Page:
Verizon (NYSE: VZ) is once again facing more criticism over how it operates and maintains its copper network as a group of 16 municipalities in New Jersey filed a petition with the state's board of public utilities (BPU) to prevent Verizon from reducing maintenance of its copper network in favor of fiber or wireless.
Filed on behalf of the towns located in four Southern New Jersey counties, the petition asks the board to take several measures for phone, data and internet services to be equally available to the residents in these communities as they are in the rest of the state.
It also asks the BPU to look at a number of funding sources like CAF-II to improve broadband services in Southern New Jersey.
While Verizon was eligible to get CAF-II funding to expand broadband in Tier 2 and Tier 3 markets, it turned it down.
In addition, the towns also want the board to order Verizon to respond to their allegations and investigate whether Verizon is neglecting its copper infrastructure in the area.
The many municipalities that are asking for BPU action are located in Cumberland, Gloucester, Atlantic and Salem counties.
Greg Facemyer, a Hopewell Township committeeman, told NJ.com the problem is much worse than in the affluent areas of the state.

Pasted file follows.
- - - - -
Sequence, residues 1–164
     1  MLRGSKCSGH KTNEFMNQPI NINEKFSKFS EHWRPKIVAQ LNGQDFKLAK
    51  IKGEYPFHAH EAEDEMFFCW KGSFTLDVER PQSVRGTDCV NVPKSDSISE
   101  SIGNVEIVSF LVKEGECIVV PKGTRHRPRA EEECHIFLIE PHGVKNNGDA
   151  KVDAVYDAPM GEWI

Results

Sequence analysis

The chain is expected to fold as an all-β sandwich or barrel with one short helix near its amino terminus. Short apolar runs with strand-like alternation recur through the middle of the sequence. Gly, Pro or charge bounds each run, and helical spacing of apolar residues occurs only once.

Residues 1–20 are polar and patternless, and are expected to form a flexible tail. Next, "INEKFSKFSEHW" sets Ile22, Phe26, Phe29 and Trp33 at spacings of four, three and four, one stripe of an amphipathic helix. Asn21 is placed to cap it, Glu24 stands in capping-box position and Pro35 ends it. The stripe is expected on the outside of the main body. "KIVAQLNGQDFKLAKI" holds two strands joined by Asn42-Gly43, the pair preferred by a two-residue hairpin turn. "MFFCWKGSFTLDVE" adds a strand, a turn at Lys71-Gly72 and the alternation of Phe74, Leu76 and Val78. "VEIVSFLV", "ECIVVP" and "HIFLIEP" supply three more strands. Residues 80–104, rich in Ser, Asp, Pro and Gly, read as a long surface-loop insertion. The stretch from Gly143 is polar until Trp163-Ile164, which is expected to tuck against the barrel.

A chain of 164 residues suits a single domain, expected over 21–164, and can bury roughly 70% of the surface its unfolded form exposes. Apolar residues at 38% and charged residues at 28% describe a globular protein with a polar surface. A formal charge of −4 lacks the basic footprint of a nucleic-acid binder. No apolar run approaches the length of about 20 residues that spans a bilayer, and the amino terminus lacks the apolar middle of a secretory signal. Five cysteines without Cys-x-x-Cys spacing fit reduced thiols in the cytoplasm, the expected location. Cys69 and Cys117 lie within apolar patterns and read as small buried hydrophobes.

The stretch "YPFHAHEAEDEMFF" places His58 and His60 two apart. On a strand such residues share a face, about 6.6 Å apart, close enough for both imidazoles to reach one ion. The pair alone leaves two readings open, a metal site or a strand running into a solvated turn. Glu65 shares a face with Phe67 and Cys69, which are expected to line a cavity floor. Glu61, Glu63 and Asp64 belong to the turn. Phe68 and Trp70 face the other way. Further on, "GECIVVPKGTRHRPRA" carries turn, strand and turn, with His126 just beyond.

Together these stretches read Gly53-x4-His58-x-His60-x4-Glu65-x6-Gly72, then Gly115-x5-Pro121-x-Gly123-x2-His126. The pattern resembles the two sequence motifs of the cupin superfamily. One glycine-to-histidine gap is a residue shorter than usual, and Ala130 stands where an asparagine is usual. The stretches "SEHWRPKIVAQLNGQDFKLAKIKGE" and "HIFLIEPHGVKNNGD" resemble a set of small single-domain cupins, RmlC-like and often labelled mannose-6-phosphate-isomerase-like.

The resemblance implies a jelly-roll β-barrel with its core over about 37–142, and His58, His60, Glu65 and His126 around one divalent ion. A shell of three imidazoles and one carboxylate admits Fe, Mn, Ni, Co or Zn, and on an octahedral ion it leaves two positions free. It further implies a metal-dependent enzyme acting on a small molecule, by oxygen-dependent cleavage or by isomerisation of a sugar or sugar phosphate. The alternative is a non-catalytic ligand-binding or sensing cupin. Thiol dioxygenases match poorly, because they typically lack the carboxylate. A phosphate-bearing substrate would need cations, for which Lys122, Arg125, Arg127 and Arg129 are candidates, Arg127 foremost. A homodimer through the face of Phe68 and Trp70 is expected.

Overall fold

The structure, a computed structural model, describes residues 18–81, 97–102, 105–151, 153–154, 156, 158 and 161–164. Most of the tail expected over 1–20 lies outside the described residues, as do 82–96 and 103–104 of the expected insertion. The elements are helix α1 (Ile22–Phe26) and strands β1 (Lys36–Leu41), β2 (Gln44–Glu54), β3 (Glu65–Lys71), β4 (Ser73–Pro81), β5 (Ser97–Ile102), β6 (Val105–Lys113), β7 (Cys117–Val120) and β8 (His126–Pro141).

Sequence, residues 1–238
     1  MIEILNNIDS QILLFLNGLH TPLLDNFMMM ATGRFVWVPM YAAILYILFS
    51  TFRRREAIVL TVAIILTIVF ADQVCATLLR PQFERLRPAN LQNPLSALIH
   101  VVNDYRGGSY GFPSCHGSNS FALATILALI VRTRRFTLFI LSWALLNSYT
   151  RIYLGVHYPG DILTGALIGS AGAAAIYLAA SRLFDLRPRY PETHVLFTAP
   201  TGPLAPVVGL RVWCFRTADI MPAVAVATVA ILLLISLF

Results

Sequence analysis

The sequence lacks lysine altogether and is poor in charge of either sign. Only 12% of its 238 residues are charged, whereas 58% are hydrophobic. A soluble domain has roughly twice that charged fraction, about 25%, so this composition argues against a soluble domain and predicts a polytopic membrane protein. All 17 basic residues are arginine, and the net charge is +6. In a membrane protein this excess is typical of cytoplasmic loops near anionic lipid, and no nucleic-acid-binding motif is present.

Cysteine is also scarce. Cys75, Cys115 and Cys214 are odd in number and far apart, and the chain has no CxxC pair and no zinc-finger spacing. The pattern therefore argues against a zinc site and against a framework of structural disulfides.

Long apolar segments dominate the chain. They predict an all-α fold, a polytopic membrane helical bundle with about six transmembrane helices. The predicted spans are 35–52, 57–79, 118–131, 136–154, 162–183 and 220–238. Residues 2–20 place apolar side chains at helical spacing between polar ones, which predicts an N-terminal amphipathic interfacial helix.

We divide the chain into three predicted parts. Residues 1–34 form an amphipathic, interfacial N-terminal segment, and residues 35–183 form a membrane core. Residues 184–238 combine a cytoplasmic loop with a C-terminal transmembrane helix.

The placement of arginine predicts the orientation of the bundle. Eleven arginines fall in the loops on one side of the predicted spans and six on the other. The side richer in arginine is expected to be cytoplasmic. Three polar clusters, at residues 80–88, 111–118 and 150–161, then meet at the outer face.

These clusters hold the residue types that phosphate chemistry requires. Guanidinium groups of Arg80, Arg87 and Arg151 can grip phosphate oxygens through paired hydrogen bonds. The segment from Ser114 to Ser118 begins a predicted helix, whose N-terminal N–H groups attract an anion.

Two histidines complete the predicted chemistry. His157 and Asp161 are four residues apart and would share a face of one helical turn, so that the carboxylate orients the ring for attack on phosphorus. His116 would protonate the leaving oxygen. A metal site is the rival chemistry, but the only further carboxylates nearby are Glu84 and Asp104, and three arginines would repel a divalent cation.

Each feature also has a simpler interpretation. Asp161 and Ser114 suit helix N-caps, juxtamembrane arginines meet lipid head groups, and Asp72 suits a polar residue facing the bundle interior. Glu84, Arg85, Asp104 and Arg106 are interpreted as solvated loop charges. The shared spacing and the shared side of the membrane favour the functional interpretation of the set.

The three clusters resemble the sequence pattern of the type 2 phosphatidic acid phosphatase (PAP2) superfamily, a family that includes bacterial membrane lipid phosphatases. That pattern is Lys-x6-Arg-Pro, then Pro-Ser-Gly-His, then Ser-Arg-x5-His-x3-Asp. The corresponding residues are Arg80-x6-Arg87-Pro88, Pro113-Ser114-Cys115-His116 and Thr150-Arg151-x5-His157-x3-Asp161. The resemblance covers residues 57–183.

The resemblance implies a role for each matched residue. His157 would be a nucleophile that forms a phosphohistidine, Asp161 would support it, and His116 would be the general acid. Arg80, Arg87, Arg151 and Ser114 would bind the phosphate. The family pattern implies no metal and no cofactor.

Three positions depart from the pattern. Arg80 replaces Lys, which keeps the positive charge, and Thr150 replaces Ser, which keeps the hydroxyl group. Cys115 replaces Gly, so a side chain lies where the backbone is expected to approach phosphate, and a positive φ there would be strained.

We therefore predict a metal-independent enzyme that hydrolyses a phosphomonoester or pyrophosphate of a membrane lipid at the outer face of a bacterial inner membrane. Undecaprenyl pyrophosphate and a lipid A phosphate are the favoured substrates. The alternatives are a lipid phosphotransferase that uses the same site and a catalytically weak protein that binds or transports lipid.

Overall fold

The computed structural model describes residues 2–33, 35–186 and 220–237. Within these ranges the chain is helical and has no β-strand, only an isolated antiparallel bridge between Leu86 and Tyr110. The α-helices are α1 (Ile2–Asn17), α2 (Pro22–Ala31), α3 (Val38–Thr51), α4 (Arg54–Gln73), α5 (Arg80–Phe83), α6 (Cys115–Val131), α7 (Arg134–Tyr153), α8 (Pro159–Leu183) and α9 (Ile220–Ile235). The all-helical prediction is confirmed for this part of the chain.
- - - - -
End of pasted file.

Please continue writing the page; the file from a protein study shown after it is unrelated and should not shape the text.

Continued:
Greg Reinert, director of communications for the BPU, said his organization got the petition, but could not provide NJ.com with any additional comment.
Verizon, which has been under fire from the Communications Workers of America and other municipalities in its footprint, said it is "in the process of reviewing the towns' filing."
As it has done in the face of similar allegations in other parts of its territory, the telco said that it continues to "dedicate substantial resources to the maintenance of its copper infrastructure" and that since January 2014, "Verizon New Jersey has spent multi-millions of capital and expense dollars in the Southern New Jersey counties of Atlantic, Burlington, Camden, Cape May, Cumberland, Gloucester and Salem, focusing on new plant investment and maintaining the existing plant in South Jersey."
- NJ.com has this article
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